Obshchina (Russian: община, IPA: [ɐpˈɕːinə], literally "commune") or mir (Russian: мир, literally "society", among other meanings), or selskoye obshchestvo (Russian: сельское общество, literally "rural community", official term in the 19th and 20th century; sil's'ke tovarystvo, Ukrainian: сільське товариство, literally "rural community"), were peasant village communities as opposed to individual farmsteads, or khutors, in Imperial Russia. The term derives from the word obshchiy (Russian: общий, literally "common").

The mir was a community consisting of former serfs, or state peasants and their descendants, settled as a rule in a single village, although sometimes a village included more than one mir and, conversely, several villages were sometimes combined in a single mir. The title of the land was vested in the mir and not in the individual peasant. Members of the mir had the right to the allotment, on some uniform basis, of a holding that each member cultivated separately. A holding could not be sold or bequeathed without the consent of the mir. As a consequence of its collective tenure, the mir had the power to repartition the land from time to time among its constituent households. The mir dealt primarily with the household and not with the individual. The peasant had a right to a holding but not to a particular holding, and he could not dispose of it freely.[1]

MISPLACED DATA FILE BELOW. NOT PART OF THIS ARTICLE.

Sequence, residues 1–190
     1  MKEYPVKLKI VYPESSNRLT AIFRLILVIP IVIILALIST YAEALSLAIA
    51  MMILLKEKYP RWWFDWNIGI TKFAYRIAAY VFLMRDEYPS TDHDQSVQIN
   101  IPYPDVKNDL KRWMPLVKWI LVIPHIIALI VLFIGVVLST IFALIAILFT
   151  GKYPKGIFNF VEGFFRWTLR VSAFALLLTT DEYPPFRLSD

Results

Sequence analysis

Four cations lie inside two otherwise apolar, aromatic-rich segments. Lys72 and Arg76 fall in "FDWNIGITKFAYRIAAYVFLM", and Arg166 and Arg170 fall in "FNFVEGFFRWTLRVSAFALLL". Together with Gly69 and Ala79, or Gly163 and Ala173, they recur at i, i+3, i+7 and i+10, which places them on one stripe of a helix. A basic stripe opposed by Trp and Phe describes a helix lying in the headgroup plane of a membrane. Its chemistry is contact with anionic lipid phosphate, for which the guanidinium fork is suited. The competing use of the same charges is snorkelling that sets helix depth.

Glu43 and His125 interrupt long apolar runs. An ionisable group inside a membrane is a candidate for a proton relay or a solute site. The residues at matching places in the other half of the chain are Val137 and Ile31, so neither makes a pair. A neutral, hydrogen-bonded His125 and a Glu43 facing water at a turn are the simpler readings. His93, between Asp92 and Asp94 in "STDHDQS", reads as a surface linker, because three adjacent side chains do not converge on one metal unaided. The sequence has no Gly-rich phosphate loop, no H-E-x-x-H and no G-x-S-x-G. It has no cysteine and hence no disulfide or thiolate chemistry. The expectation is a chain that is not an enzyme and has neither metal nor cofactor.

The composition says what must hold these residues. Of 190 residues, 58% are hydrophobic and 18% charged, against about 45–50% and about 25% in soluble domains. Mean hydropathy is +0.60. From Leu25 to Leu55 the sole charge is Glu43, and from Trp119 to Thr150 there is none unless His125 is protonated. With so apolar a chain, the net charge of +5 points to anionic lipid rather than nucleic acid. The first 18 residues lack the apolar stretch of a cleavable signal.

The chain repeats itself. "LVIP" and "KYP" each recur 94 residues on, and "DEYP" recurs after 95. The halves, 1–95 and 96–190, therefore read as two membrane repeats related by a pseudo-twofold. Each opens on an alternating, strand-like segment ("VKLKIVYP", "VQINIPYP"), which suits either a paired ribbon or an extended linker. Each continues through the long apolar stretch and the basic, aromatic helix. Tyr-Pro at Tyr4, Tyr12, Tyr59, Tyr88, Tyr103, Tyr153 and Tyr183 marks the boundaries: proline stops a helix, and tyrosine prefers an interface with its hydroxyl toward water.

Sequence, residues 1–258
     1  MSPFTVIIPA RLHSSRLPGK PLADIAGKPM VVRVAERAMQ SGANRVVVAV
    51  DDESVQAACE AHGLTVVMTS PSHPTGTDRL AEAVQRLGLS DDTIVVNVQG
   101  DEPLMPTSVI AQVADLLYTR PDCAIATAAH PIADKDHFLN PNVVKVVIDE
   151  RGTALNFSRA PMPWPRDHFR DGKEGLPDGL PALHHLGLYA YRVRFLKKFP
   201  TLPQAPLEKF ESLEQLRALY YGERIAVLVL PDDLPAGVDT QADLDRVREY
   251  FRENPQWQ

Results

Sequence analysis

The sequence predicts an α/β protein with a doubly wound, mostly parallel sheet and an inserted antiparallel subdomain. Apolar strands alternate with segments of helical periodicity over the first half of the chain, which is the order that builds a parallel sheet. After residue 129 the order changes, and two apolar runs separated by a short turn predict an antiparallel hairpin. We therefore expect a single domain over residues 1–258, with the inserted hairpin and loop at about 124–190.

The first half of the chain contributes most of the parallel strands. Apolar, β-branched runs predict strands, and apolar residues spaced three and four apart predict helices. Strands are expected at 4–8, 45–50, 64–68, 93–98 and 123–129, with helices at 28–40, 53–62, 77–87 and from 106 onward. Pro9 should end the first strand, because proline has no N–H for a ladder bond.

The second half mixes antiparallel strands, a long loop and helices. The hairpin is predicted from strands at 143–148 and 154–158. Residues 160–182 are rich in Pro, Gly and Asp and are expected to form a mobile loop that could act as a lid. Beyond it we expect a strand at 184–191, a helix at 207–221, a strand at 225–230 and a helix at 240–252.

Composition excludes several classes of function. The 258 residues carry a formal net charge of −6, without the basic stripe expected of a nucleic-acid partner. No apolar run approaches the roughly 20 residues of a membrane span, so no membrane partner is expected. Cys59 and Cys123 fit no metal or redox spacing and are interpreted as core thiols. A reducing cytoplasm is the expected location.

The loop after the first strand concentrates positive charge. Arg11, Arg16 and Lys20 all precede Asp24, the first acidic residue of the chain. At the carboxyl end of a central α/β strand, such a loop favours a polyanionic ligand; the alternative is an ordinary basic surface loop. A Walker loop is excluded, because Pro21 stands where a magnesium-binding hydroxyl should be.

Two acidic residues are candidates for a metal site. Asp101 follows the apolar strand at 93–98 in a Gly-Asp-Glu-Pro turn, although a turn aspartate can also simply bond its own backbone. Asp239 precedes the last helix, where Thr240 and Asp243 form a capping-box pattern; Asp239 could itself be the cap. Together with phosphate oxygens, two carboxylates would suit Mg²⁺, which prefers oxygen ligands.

The vast majority of Russian peasants held their land in communal ownership within a mir community which acted as a village government and a cooperative. Arable land was divided in sections based on soil quality and distance from the village. Each household had the right to claim one or more strips from each section depending on the number of adults in the household. The purpose of this allocation was not so much social (to each according to his needs) as it was practical (that each person pay his taxes). Strips were periodically re-allocated on the basis of a census to ensure equitable share of the land. This was enforced by the state which had an interest in the ability of households to pay their taxes.

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